For our first lesson, Chilli drew a picture of Great King Equals with his hands outstretched. I had set the example out with a balancing of the number 7. We then worked out the various other ways we could ‘balance’ 7, with our manipulatives. Great King Equals was standing in the middle of the scale. On one hand he had 7 gems and then in the other hand we needed to make sure he also had 7 gems. I’d set the example with 4 gems on one side, Plus placed after the 4 gems and then 3 more gems (or gumnuts!) following to ‘balance’ the 7 in the other hand. We drew this as our main picture and then Chilli had fun moving Plus up and down the line of 7 gumnuts in Great King Equals’ second hand – exploring one aspect of all the ‘parts’ that could make up 7. We made a little table on the facing page and Chilli delighted in writing and illustrating her findings. It was such a wonderful way to visually have the ‘horizontal format sum’ laid out right in front of her using the gumnuts, Great King Equals followed by a few more gumnuts, the maths gnome Plus and then the remainder gumnuts to make up 7. It was great for Chilli to also see the pattern that emerged in the numbers once she had gone past that ‘mid point’ of the second set of 7.
In the afternoon, I told Chilli the story of the temperament friends from Earthschooling’s Sixth Sense math program. I changed the friends from children’s names to be the maths gnomes. Each gnome represents one of the temperaments anyway, so it was a nice way to explore in more detail the character of each gnome. I adjusted the start of the story to tell the tale of what the maths gnomes like to do when Great King Equals gives them the day off. I asked Chilli what she thought they would do and she was wide eyed and intrigued to know just what these hard working gnomes do when they have a free day! The story I told today was the part of the temperaments story that focus’ on the melancholic Plus. After we finished the story, we again went into our lesson room and on the school table, laid out the fulcrum, Great King Equals, Plus and the necessary gumnuts. This time I asked Chilli to choose a number from 10-20 and she chose 18. Again, she delighted in moving Plus back and forth along the line of gumnuts in Great King Equals’ second hand – exploring many different ways that she could also have 18 as well as the patterns that emerged amongst the numbers as she explored them.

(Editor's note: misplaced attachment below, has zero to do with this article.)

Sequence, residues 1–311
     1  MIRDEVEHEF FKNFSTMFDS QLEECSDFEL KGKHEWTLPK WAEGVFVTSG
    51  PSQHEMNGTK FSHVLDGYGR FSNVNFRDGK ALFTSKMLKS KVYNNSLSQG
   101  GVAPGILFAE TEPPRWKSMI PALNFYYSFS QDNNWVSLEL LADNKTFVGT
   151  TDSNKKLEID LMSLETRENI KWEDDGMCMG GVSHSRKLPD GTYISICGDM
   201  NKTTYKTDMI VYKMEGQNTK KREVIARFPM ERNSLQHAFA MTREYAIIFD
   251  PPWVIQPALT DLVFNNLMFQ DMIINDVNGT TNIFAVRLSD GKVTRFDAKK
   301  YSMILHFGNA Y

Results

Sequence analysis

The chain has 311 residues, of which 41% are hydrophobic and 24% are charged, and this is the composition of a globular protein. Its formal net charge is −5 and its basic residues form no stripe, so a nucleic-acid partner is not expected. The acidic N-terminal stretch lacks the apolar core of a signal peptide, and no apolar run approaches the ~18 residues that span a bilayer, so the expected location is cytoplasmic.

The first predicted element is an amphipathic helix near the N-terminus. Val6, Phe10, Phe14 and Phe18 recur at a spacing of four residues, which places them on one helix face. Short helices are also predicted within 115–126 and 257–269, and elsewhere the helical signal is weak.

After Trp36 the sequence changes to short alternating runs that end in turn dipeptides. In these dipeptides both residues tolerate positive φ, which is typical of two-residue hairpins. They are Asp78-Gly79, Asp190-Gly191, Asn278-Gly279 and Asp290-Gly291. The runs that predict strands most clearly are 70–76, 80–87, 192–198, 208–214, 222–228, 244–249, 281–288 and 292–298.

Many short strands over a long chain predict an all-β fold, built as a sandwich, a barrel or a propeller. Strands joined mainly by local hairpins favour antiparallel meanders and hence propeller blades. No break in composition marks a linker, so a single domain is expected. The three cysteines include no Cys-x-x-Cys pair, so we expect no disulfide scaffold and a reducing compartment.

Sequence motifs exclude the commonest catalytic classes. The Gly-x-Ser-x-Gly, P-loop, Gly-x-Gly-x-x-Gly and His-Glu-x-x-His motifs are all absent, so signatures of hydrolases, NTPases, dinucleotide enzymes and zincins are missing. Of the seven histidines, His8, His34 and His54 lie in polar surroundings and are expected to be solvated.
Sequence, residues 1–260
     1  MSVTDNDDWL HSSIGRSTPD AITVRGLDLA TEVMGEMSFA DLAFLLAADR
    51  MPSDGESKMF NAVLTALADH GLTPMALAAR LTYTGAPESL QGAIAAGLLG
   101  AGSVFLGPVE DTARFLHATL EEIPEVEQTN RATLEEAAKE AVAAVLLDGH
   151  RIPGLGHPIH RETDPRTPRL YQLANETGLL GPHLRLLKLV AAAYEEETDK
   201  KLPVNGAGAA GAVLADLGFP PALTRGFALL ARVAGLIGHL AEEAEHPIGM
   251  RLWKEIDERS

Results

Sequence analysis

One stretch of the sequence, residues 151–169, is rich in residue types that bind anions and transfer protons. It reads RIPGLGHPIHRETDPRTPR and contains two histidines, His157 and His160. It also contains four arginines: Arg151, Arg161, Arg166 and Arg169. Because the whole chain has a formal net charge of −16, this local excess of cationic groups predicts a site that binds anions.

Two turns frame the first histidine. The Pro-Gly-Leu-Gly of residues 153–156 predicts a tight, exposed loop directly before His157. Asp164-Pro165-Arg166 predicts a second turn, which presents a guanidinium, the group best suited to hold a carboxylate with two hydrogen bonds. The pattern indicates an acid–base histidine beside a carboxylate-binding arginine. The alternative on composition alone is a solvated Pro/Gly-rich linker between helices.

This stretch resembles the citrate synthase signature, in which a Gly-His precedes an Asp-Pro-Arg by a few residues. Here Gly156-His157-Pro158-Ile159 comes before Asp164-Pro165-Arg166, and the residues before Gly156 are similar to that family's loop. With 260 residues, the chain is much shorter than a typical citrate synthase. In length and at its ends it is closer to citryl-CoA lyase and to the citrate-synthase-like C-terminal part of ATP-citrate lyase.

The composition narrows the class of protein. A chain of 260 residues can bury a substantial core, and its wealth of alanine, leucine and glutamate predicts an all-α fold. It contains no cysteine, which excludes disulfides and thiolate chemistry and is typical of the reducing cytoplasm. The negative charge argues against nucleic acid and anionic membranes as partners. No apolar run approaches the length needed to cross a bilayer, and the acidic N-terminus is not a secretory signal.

As we progress through the other process’ in exploring the ‘whole to parts’ of maths within horizontal format sums over the coming weeks, I plan to continue on through the temperament stories within the Earthschooling Sixth Sense maths as well as weaving in, perhaps when we branch out into the vertical format – the stories which are also from Sixth Sense maths, about The Fairies of each season. Perhaps I’ll use the stories as is, or perhaps I’ll weave the stories into tales about the favourite season of each math gnome that we have come to know so well.
Have you used manipulatives in exploring maths with your children in their homeschool studies? Which manipulatives and creative stories really helped maths to ‘jump up and live’ for your child?
::Please excuse both the terrible quality photos snapped quickly during lesson with my iPhone and the ridiculously messy sewing table in the background, desperately needing a clean up::